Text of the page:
On one hand, knowing how to eat right can be simple — eat when you're hungry, and stick to nutritious foods that fill you up and keep you satisfied. But another component of playing the weight loss game is when you eat, and that's when things can get complicated.
While studies have proven that eating late at night doesn't automatically lead to your body storing more fat, a new study in mice has found a link between when you eat and weight gain. Researchers looked at two groups of mice, both of which were fed the same amount of a high-fat diet, and found that the mice who were only allowed to eat during an eight-hour period during the day ended up gaining less weight than the mice that were allowed to eat the same amount of food any time during the day and night.
Researchers believe that the difference in weight gain is due to the fact that the body's organs operate at peak efficiency at different times, so everything from your liver to your muscles may be burning more calories and working harder depending on the time of day or night. Frequent eating throughout the day and night, they say, may throw off your body's metabolic cycles, so you may be more successful with weight loss if you stop eating at a certain point during your day (even if you are eating the same amount of food).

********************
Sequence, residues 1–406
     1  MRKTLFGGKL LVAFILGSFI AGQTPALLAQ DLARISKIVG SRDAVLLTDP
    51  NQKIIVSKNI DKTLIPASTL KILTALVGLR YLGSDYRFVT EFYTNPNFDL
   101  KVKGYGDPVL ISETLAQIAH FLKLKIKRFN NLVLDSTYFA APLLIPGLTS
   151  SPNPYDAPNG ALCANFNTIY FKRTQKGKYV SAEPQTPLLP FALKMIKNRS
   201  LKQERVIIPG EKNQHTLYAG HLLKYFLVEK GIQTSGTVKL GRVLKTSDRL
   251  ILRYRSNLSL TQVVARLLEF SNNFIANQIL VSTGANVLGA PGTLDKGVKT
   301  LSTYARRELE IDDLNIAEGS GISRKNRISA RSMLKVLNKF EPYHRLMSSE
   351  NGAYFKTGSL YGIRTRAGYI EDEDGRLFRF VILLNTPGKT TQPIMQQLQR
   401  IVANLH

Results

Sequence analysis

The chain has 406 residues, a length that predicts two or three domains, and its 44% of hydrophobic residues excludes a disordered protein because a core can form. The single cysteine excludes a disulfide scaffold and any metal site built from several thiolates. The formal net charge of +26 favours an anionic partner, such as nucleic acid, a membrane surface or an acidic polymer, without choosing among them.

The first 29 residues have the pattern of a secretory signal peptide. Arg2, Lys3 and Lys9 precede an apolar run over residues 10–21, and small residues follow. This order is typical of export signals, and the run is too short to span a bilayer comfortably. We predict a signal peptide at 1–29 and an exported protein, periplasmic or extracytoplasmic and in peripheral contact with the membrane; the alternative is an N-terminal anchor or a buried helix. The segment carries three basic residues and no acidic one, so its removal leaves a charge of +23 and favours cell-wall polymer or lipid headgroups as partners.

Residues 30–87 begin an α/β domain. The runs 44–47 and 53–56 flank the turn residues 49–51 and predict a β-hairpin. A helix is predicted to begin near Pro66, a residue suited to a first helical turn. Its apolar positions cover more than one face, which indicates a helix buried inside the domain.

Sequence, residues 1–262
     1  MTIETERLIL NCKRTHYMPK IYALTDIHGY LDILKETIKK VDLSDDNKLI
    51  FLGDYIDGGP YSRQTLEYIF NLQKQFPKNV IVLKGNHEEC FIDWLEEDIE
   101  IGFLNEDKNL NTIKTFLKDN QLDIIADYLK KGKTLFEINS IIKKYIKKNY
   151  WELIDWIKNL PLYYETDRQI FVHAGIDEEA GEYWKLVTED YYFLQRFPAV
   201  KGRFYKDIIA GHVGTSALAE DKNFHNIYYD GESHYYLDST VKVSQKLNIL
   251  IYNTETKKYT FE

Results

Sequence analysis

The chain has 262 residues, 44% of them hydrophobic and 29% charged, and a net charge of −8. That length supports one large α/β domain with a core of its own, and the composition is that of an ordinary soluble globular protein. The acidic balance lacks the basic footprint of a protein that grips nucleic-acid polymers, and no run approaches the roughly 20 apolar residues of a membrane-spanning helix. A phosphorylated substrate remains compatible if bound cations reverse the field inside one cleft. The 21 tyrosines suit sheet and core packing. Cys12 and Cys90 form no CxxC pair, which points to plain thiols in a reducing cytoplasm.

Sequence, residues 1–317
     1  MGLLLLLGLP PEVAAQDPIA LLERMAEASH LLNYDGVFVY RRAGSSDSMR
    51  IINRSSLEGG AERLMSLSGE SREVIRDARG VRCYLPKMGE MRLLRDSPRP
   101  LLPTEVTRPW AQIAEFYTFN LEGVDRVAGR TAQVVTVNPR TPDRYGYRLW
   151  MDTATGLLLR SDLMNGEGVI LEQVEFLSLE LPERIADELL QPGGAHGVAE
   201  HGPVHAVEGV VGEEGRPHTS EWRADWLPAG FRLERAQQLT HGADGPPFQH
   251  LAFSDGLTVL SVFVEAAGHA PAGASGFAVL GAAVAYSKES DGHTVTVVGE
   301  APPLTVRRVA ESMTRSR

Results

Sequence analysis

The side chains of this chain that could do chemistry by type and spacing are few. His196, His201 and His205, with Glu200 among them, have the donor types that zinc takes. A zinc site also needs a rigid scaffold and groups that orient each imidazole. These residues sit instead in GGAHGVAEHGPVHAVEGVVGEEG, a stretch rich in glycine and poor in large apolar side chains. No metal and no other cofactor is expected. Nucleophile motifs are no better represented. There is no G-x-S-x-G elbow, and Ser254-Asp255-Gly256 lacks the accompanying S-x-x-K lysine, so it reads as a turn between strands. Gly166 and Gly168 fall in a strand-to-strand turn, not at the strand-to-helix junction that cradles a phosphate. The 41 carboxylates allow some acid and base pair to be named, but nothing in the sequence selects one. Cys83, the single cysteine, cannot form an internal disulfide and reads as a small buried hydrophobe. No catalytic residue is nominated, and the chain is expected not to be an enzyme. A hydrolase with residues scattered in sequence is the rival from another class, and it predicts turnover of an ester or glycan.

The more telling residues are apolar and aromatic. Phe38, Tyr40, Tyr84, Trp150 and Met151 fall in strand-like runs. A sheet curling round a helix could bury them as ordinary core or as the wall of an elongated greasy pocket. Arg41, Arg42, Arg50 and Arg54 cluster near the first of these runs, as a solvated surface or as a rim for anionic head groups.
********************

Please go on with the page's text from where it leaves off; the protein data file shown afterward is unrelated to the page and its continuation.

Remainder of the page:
This newest study is just one more piece of information in the late-night eating debate, but the theory hasn't been tested on humans yet. And it's important to note that this study doesn't prove the myth that you shouldn't eat past a certain time to avoid your food turning into fat — the study is just saying that restricting when you eat to a certain time period may help regulate your metabolic cycles. In any case, what's your take on the issue: do you avoid eating late at night to prevent gaining weight?